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Topics About 'Communicate'.

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  1. There is a reason why nursing students avoid meeting with a nursing instructor. If fact, there are several reasons. It’s not just the intimidation factor or the words “you're really inconveniencing me” written all over the instructor’s face. It’s talking with the instructor, walking away and thinking, “what did I just say?”. Most likely, your faculty appreciates your initiative in asking a question or voicing concern. You can reduce your stress and get the most out of your faculty interactions with a little pre-meeting prep work. Let’s look at a few guidelines to point you in the right direction. Take Action Nursing school can be very confusing. Everything is a new experience from lectures and skills, to clinical assignments. Students often make the mistake of “getting stuck” in coursework because they don’t understand what the instructor expects. The semester marches on, due dates arrive and the student just “wings it” instead of asking for help. But, faculty are not mind-readers and it is up to you to initiate a meeting. STEP 1 Tips for Requesting Faculty Time Avoid confronting your instructor in front of the class and putting them “on the spot”. Read the syllabus and course information to determine if the instructor has preferred methods of communication (email, phone, office stop-by, etc). If you stop by the instructor’s office, make sure it is during office hours. Be specific on why you need to schedule a meeting. Offer several time alternatives and be open to other forms of “meetings” (phone, on-line chat) STEP 2 Do The Prep Work Be sure to review the course policies, syllabus and any applicable instructions before your visit. The answer to your question may be hiding “in plain sight”. Ask yourself, “why do I need to meet and what do I expect to get out of the meeting?”. STEP 3 Tips for the Meeting Show respect Arrive on time Use the person’s name Make eye contact Speak clearly, using positive language Stay within the allotted time-frame STEP 4 Show What You Know Briefly express some interest in the course content Express enthusiasm for what you have learned STEP 5 Avoid Dumping You want to be specific about your question or concern. You don’t want to spend the meeting time with your instructor on everything but what you need. Here are a few examples: Don’t: “I don’t understand assignment 2. What are you wanting us to do.” Do: “I am confused about the care planning process, specifically, how to assign a measurable outcome." Don’t: “I missed lab and did the class do anything that will be on the test?” Do: “Is there a convenient time I can practice in the skills lab? I want to catch up with the class since I missed class.” Don’t: “I made a D on our test. What am I doing wrong?” Do: "I did not perform well on the last exam and want to do better. I would like to tell you my main study strategy and would appreciate any feedback or suggestions." STEP 6 Own Your Part Take responsibility for any mistakes or oversight on your part. Be honest and express what you will do differently moving forward. “I now realize the importance of spending time reviewing lecture notes after every class”. “I apologize for being late to clinical. Moving forward, these are the steps I will take to ensure punctuality.” Before You Leave Be sure you and your instructor are on the same page and what are the next steps. Stop and ask for clarification (if needed) before you leave Express gratitude for the meeting. Remember You have the right to ask questions and seek clarification. You also have a responsibility to do so tactfully, and decisions made by the instructor should be respected. What tips can you share to help other students make the most out of faculty interactions? Interested in more information? Check out these resources: Tips on Communicating with a Professor Meeting With Your Professor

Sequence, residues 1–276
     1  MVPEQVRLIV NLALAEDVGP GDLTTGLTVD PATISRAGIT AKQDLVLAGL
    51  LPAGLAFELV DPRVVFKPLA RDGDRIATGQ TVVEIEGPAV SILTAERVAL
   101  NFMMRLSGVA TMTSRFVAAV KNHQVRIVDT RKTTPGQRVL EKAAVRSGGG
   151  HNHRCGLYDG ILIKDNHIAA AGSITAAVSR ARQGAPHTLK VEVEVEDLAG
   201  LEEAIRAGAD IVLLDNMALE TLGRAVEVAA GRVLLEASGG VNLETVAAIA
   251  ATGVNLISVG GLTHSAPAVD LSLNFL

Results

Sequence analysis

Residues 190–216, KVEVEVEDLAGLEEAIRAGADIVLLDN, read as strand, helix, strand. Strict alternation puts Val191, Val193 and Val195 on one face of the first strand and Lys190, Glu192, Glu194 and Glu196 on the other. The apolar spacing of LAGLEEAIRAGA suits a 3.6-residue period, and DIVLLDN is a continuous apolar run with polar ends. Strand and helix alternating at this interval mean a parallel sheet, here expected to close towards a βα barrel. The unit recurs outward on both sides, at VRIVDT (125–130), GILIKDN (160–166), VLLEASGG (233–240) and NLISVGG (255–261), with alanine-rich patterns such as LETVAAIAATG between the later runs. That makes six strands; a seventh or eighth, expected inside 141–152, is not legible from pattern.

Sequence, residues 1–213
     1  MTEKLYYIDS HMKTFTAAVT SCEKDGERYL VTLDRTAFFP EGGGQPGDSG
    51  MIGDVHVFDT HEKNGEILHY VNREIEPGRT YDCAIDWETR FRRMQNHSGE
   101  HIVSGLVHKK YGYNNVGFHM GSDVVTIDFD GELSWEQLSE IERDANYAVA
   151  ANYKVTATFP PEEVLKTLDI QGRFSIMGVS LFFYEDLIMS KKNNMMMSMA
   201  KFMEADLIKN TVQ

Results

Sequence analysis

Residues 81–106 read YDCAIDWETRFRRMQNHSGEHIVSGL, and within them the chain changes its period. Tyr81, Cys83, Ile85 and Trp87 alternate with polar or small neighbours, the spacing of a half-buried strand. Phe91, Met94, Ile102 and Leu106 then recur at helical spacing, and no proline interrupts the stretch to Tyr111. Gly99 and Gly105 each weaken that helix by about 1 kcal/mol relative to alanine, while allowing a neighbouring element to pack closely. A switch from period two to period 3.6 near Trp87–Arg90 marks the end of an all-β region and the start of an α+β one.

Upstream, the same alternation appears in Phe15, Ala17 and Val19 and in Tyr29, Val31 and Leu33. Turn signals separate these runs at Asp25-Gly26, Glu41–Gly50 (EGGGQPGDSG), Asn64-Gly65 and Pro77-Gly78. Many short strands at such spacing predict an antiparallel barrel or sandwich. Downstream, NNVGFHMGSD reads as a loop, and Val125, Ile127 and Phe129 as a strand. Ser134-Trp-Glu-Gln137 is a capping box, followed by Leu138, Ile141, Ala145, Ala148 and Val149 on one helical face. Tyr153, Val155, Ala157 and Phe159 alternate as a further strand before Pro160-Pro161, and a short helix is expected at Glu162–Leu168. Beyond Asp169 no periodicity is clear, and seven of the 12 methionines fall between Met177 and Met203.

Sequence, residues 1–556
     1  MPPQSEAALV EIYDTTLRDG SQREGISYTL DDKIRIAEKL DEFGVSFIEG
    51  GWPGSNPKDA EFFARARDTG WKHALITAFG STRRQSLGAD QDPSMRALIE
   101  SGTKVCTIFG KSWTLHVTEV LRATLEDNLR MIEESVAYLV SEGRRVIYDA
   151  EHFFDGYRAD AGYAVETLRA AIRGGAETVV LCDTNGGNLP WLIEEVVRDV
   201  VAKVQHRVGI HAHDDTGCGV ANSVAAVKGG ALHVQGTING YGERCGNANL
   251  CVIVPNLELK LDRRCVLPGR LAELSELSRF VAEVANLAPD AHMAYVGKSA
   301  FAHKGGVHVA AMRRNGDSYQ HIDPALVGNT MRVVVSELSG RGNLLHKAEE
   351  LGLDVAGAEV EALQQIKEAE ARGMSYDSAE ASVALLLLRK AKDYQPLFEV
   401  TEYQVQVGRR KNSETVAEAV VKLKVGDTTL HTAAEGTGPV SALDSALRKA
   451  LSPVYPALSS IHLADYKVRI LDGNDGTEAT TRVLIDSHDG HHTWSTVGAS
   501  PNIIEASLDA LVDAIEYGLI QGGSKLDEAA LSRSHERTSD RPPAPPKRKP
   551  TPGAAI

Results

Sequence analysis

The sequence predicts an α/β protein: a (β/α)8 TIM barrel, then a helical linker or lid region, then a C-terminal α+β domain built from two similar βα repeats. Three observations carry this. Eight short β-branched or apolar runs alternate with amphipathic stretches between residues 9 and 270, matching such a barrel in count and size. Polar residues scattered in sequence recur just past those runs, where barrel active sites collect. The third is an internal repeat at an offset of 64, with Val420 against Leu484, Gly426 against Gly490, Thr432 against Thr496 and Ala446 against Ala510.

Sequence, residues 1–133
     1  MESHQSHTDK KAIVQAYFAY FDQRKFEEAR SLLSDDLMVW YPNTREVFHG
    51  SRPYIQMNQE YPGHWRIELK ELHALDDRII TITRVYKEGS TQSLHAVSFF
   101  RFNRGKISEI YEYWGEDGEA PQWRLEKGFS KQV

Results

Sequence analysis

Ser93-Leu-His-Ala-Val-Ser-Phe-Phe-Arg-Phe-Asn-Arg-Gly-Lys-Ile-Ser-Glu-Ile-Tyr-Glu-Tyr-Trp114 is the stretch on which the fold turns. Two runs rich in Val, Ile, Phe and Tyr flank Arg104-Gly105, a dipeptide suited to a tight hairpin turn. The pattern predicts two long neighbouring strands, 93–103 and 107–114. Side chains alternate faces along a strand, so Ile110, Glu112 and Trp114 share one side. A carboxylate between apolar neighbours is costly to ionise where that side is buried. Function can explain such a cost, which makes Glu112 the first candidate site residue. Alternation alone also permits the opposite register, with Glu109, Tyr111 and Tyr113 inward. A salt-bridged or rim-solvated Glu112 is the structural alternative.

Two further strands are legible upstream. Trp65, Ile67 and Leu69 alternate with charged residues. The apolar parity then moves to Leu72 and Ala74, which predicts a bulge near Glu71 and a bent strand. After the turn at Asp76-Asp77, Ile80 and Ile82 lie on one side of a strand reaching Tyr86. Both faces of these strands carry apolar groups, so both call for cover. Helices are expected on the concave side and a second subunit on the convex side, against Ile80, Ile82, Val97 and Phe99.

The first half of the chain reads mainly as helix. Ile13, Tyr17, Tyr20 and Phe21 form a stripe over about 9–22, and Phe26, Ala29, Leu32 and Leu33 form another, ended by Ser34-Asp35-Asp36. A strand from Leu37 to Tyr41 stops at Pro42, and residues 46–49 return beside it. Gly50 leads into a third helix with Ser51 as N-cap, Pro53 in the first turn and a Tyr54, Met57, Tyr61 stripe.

2. I can vividly recall how stressful it was as a nursing student and new nurse graduate to communicate with physicians. I was already intimidated by doctors and it seemed my mind drew a predictable blank when I had to interact with them. As a novice, I had to learn how to organize my thoughts and provide the appropriate information to communicate the patient issue clearly. This is a learning process most students and new nurses will experience and build confidence. There are tips for communicating with doctors and an interdisciplinary team that may make this process a little easier. A study published in the Journal of Patient Safety, by Tija et al, found several factors that can affect nurse-physician communication. These included: Lack of openness and collaboration- nurse feeling hurried by the physician or feeling the physician was not interested in the information the nurse was sharing. Frustration with the lack of professional respect- 16% reported being interrupted by the physician before they were finished communicating important information. Logistical challenges- difficulty finding a quiet place to communicate, finding time to communicate with the physician and not being able to get in contact with a physician when needed. Language barriers- difficulty understanding physicians due to language, accent or use of medical jargon. Nurse preparedness- nurse not being prepared with assessment data or information the physician will need to make decisions and/or changes to patients care. Being aware of nurse-physician communication barriers is the first step in students and new nurses building skill and confidence in communicating with the interdisciplinary team. Scenario One: Jane is a nursing student at clinical and is reviewing a patient’s record at the nursing desk. Jane is approached by a doctor asking for information on a patient and her instructor or another nurse are not at the desk. Jane explains to the physician she is a student at clinical and the physician, frustrated, states “can you not find someone who can tell me something about my patient?”. Scenario Two: Matt is a new graduate and just completed orientation for his first nursing position. Matt is approached by a cardiologist asking why patient X was ordered a cardiology consult. Matt provides background information and the physician states, “What do they think I can do for them? This is a waste of my time!”. What do you do when you find yourself in a situation similar to the above scenarios? Your first reaction may be to go blank or become defensive. Here are some tips to help when you find yourself communicating with a difficult physician. Stick with the facts and leave emotion and opinion out of the conversation. It may be as simple as, “I don’t know the answer to your question but let me find someone who can help you”. Be aware of your body language and stand straight to convey a look of self-confidence. Take a step back to avoid a defensive or aggressive response. Respond in a respectful manner and expect respect will be returned. Apologize when appropriate. Report the interaction with your clinical instructor, preceptor or charge nurse to ensure acknowledgment of the behavior. The physician’s behavior may be a pattern and documentation may be needed to address. Do not accept inappropriate or abusive behavior- walk away, stand silently or ask to be spoken to respectfully. Practice communicating with physicians on a regular basis. The best time to practice is when you are with your instructor or preceptor. Take notes on how your preceptor approaches, answers questions and communicates with physicians. Be prepared before calling or talking to a physician about a patient. Write down pertinent information to clearly communicate the patient situation. Having information available and organize may help minimize problems. For example Patient’s name and room number Reason for call Health history Lab values that relate to your reason for calling Recent vital signs Medications related to your reason for calling Allergies Effective nurse-physician communication is key to providing safe care for positive patient outcomes. Fortunately, there are steps nursing students and new nurses can take to improve their communication with physicians. With practice and experience, the novice nurse will become confident, even when dealing with difficult physicians. What tips would you like to share to support students and new nurses? Resources: Institute for Healthcare Improvement: The SBAR Tool for Communication Tija, J., Mazor, K., Field T., Meterko, V., Spenard, A. & Gurwitz, J. (2009). Nurse-physician communication in the long-term care setting: perceived barriers and impact on patient safety, Journal of Patient Safety, 5(3):145-52. Patient Safety and Quality Healthcare (2012).  Nurse to physician communication: Connecting for safety.